With the one year anniversary of Charlottesville – and the death of Heather Heyer, which has somehow been reduced to a footnote – upon us, that topic came up. A woman flat-out told me that it all started because Antifa was violent with “patriots” carrying the flag.

When I explained that the flags they were carrying were actually enemy flags, she said they were … paid actors.

You can’t argue with stupid – as much as I try.

The reality, according to another survey, is that most of these white hate clowns fall into predictable categories – poor, unemployed and uneducated (no wonder that most are also divorced).

That is pretty much the demographic – along with some Russian bots and the Electoral College – that helped sway the 2016 election.

There was a lot of coded hate speech used to make this fools feel empowered, and the results made them feel legitimate enough to stage Charlottesville under the nonsensical guise of protesting the removal of a statue of a traitor, Robert E. Lee.

Just because the clown of all clowns in the White House dances around the subject and won’t confront it, let alone denounce it, doesn’t mean we need to lower ourselves to that level and wear blindfolds.

On this the anniversary of the national tragedy — perhaps the largest in my daughter’s lifetime (born in 2007) -that was Charlottesville (a place we took her on vacation a few summers ago), take whiff of what is going to happen today in DC and let the stink sink in.

It’s more nauseating to me, as an American still waiting to still our potential for greatness fulfilled, than NFL players taking a knee during the national anthem (a common source of battle with daily deplorable sparring partners, even though I would personally never not stand for the anthem – even if should be “This Land Is Your Land”).

So go ahead. You can watch tonight’s show focused on one guy, all while dabbing your eyes with tissues, but the real time to watch is today.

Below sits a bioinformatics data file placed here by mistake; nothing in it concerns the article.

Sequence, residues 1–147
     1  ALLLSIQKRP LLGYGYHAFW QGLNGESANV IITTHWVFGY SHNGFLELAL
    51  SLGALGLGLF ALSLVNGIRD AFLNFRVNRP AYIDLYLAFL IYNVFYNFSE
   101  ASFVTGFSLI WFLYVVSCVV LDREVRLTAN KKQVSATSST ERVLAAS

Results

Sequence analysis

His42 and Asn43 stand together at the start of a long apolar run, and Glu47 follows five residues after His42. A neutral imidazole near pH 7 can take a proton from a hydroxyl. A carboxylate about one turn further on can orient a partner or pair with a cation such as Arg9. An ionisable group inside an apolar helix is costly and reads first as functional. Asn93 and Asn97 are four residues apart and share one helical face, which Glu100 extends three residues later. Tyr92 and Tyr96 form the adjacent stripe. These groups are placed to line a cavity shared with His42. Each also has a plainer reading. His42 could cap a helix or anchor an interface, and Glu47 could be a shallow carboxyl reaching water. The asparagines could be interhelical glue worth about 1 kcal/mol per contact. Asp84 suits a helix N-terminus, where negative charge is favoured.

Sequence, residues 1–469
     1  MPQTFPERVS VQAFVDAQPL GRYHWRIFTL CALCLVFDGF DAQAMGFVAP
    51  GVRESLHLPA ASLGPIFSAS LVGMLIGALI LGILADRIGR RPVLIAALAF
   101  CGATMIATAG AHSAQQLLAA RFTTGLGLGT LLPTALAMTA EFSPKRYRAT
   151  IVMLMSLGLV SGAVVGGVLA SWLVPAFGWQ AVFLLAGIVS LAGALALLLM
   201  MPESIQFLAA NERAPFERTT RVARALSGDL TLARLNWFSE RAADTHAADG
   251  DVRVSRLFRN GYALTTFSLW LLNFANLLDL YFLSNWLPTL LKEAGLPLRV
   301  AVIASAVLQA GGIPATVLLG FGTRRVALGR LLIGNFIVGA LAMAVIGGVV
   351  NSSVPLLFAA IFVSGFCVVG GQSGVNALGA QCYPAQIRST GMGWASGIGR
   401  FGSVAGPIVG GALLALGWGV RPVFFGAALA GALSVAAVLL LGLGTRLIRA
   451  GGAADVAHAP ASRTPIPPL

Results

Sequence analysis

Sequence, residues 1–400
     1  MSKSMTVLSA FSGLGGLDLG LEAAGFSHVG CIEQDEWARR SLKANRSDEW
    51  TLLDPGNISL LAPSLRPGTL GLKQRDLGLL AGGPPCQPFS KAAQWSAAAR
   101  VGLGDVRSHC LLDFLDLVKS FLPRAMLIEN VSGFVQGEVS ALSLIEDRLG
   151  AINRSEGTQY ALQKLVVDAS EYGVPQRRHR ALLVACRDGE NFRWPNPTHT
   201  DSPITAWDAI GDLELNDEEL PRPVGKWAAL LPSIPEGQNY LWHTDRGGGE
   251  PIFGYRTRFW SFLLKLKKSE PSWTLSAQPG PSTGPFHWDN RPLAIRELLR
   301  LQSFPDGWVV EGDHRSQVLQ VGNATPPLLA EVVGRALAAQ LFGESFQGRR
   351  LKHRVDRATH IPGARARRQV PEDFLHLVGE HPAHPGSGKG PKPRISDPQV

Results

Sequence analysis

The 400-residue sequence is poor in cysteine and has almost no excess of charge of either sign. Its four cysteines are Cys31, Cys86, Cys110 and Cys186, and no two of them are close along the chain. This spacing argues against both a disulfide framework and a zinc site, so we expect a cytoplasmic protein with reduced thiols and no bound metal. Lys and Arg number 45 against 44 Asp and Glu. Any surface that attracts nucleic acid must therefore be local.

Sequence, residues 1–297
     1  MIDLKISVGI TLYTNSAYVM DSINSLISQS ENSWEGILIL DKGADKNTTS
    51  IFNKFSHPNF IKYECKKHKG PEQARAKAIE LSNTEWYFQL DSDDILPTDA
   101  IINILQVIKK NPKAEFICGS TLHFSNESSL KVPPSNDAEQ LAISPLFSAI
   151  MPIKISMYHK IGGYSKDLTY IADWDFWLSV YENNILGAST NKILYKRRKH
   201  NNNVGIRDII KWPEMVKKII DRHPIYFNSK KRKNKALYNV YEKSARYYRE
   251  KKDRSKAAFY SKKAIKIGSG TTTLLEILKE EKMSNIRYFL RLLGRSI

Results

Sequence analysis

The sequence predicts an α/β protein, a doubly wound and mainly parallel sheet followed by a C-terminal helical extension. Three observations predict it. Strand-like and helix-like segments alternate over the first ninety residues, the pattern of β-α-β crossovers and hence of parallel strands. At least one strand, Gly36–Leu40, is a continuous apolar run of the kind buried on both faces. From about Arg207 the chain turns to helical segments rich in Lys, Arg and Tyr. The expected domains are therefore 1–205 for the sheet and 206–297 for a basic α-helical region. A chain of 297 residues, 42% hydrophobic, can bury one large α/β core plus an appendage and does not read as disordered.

That’s when you need to cry for we’ve devolved into, which something far from great.

 

Our Five: Rare Birds with Wings

Sullivan

By GORDON GLANTZ

GORDONVILLE — It happens every August.

Eagles fans – even in the afterglow of the ultimate prize – are ready for some football, even if it comes in the form of a messy version of the real thing that is preseason.

Excitement often turns to disappointment, as starters – and even familiar names further down the depth chart – don’t get much meaningful playing time.

But before you threw up your hands during Thursday’s preseason opener (7 p.m.) against the Steelers and send your bowl of pretzel sticks tumbling to the floor, wondering who these guys are up on your TV screens, take it from this guy that all is not lost.

In the midst of the madness and chaos, where yellow penalty flags go flying by like beach chairs in a tornado, there are some players in Eagle green who are not just dressed up for Halloween.

You need not re-watch the movie “Invincible” about the ultimate story of an undrafted free agent, Vince Papale, for inspiration. As recently as 2014, I picked an undrafted free agent – an undersized tight end from Florida named Trey Burton – out of the chorus and predicted he would be pegged for a solo. With the “Philly Special” – and a lot of other clutch catches and special teams efforts – in our heads, we know how that worked out. Burton has parlayed that success into greener pastures – literally and figuratively – as he signed with the Chicago Bears in the offseason to a contract that will made him the eighth highest paid tight end in the league.

Last year, as a public service, I provided a list of five players to watch in preseason. My only mistake – one that will not be repeated – was not doing it alphabetically, as Corey Clement would have been listed first instead of fourth (behind David Watford, Aaron Grymes and Joe Walker and in front of Randall Goforth).

A year later, Walker is still on the team as a backup middle linebacker after starting a handful a games last year. Goforth was released just before training camp began.